There are days (like today) when you just want to keep walking. Days when you and the weather are one: languid. That’s what it was like after you left the gym; you didn’t want to go home, you didn’t want to stop. The work-out had been good, and as much as you miss running and like the cross-trainer, the gym never really satisfies your cardio lust, at least not as long as your knees aren’t in good enough shape (yet) to go back to pounding the treadmill. (Okay, admit it – you had sex before lunch, so it’s not as if your cardio hunger was that big.)
After the gym, you changed out of your sweaty top, put on a dry T-shirt, and headed for… well, you landed up in the Park, but you weren’t really sure where you were heading when you set out. Finsbury Park was an option, and a walk to Sainsbury’s in Haringey was another (for what, though?), but you went from Blackstock Road to Mountgrove Road to Brownswood Road, where a block of flats has taken the place of the Brownswood Library, and you wondered if there’d be a reminder of the library in that new building, though you couldn’t imagine what. Maybe they’ve called the building something like Library Mansions or Biblio-Flats, but no. (There’d been a moment on the cross-trainer when you’d thought to yourself: I will not pass this world on to any children. I am not responsible for bringing more people into this world. This is not the kind of world I’d want to leave to anyone. These were just thoughts, without regret and without sadness, just facts. And you wondered if you should be doing more; more, for example, that leaving a record of what Clissold Park was like at this moment in history.)
The evening was warm – it still is – and to walk along quiet streets in early September, passing people chatting outside their houses on Queen’s Drive, feeling the lightness in your step, the Park visible at the end of the road, was a real pleasure. It really did make you want to sit down and write something. What you wanted most, though, was to keep walking, to keep moving, to enjoy the shield of stillness around you, the kind of euphoria that happens after a good work-out when the air is warm and the day seems to revel in the coming of evening.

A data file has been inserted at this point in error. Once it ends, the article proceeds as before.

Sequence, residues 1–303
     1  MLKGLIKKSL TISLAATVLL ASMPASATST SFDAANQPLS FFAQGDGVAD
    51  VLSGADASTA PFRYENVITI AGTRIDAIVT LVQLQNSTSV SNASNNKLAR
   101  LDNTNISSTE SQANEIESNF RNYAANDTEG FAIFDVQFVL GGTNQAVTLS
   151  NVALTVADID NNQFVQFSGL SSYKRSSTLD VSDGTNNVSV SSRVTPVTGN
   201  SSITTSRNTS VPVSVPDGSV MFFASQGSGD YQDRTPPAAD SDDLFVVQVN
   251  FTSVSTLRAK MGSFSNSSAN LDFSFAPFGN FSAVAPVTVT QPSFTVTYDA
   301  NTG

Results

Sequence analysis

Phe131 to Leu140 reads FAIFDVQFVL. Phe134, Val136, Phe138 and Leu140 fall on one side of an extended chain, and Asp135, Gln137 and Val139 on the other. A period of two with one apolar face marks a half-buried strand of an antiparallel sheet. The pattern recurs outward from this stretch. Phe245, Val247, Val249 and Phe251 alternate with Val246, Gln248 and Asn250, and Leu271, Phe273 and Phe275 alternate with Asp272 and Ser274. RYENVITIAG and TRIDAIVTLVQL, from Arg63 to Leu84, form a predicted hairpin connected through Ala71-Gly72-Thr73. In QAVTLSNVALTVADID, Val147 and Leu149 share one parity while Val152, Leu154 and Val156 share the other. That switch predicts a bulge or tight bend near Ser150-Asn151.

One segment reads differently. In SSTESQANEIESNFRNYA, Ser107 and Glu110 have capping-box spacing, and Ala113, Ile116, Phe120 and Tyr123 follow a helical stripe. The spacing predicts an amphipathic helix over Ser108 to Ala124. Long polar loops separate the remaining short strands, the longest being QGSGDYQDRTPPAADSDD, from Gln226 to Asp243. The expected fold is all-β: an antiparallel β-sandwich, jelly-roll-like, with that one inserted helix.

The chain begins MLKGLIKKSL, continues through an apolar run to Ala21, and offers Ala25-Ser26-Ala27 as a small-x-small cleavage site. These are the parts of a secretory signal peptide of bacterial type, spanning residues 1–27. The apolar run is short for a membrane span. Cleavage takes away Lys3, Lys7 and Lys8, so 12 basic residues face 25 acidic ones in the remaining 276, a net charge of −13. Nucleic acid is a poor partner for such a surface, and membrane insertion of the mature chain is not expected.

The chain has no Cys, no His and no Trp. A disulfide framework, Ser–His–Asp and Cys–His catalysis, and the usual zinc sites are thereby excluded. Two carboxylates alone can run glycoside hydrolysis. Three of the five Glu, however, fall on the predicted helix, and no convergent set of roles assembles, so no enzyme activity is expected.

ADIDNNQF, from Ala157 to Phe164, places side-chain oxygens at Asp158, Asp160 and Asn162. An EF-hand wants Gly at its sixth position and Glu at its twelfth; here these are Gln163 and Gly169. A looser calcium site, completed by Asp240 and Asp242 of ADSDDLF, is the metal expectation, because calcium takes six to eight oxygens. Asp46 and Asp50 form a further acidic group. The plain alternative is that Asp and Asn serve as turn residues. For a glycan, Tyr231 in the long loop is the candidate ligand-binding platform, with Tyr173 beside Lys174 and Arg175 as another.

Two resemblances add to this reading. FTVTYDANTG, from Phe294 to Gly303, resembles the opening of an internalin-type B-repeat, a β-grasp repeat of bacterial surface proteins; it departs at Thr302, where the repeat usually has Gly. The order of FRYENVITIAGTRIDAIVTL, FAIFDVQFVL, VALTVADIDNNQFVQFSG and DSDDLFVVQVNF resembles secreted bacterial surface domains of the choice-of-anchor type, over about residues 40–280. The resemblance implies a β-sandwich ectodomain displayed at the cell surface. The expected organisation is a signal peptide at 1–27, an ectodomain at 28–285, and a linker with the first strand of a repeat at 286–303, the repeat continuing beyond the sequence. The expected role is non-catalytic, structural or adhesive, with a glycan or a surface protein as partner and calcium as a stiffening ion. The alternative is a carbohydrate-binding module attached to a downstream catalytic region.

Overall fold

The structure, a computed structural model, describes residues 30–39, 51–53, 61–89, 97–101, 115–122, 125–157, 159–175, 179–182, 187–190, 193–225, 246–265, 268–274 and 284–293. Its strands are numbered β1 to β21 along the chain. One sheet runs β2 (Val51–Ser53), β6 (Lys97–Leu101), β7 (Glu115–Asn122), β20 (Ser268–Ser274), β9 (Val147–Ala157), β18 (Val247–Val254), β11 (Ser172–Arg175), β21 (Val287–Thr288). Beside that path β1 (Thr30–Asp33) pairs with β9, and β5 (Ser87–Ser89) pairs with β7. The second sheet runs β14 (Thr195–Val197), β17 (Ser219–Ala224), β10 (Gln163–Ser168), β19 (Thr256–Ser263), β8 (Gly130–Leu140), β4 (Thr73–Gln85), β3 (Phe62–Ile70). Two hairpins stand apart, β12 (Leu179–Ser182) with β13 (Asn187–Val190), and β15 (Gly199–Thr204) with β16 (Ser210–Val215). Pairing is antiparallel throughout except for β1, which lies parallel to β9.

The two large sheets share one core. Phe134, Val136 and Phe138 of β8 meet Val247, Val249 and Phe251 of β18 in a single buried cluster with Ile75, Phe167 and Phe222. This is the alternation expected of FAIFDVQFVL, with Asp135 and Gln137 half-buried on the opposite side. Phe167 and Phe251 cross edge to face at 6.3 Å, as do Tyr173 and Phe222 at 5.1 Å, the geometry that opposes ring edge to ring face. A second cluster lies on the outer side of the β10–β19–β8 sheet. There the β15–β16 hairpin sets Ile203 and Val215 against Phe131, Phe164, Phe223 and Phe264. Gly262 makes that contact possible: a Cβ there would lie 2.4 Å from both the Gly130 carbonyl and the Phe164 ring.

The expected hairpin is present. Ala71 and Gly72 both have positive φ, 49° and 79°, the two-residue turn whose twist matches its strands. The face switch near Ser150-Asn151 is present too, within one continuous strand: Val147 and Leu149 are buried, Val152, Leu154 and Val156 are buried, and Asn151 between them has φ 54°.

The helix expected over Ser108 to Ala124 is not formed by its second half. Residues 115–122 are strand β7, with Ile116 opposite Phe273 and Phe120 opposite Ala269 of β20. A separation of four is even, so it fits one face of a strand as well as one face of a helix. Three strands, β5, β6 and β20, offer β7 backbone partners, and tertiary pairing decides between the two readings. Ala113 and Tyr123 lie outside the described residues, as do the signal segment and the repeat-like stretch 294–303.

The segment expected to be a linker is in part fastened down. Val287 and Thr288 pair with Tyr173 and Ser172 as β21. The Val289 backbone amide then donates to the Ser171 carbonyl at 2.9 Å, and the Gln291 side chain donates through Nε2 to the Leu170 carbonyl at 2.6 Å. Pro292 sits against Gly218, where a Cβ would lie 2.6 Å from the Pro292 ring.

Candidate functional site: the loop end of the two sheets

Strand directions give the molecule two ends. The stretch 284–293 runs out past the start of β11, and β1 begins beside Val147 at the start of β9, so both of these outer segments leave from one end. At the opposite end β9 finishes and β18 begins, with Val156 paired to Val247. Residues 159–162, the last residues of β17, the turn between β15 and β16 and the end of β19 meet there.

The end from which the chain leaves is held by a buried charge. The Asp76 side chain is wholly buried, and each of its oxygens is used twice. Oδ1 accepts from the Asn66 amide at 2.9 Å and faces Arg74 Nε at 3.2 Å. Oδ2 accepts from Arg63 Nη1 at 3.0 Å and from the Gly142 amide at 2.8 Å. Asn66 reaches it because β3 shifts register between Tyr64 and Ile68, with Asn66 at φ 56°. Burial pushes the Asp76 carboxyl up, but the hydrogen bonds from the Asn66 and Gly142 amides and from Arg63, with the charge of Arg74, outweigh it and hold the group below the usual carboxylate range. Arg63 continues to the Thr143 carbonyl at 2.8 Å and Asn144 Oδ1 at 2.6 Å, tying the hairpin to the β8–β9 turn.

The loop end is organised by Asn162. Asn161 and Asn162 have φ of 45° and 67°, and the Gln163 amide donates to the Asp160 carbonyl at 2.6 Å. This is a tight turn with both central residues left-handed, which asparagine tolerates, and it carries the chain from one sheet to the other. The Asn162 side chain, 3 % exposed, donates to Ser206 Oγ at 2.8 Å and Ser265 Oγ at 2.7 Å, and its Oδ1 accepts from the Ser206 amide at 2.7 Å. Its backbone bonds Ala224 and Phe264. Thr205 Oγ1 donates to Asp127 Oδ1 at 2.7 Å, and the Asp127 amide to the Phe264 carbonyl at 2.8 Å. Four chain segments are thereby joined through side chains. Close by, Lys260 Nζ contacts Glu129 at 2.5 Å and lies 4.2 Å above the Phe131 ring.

It seemed as if the people dotted all over the grass in the Park, and the couples on benches, and the mothers and their kids huddled over an unwrapped parcel of fish and chips,might any minute now burst into one big Bollywood number, a flash mob on the lawns of Clissold Park dancing to some hit out of the movie Fame or Hair. The elation was palpable.
It’s a kind of connectedness and solitude that happens sometimes when you feel you are exactly where you are meant to be. Nothing can harm you. It’s like swimming in the sea. The world contains you and carries you along and all you have to do is move your limbs, just lightly, without great effort. Obviously this wasn’t the case when you broke your foot last year and you had to get around on crutches. Which makes you think about people who live like that, who cannot move freely through the world with just minimum effort. The Paralympics is on now, and you’ve seen the way some people manage their movement in the world. Even water is a struggle when you have no arms, no legs.
But for that half an hour or so that you ambled through the Park there was no struggle, no distraction, no anxiety, no dread, no responsibility, no fear. You were present, aiming your camera at the ducks, but you were the ducks, you were the pond and the grass and the line where the path meets the lawn, and you were the iron fence around the water, and you were the couple making out on the bench, him with his blonde hair and blonde beard and bright red T-shirt, and she with her dark brown hair and white cardigan. And for brief moments you knew you wouldn’t know what to say if someone asked you a question, because you weren’t there, you were not yourself, not the man taking pictures, not the man who’d just been to the gym, not the guy who’d just bought party poppers for his friend’s birthday tomorrow, not the guy who had to get home to write his daily 2,000 words, not the person who worried how to resolve the relationship issues that have been troubling him for a while. You’d have nothing to say if someone approached you, because you were nothing, not human, not a creature amongst creatures, not for those moments as you walked through the Park, being the Park.
It was a good day. It was a good day. It was a good day.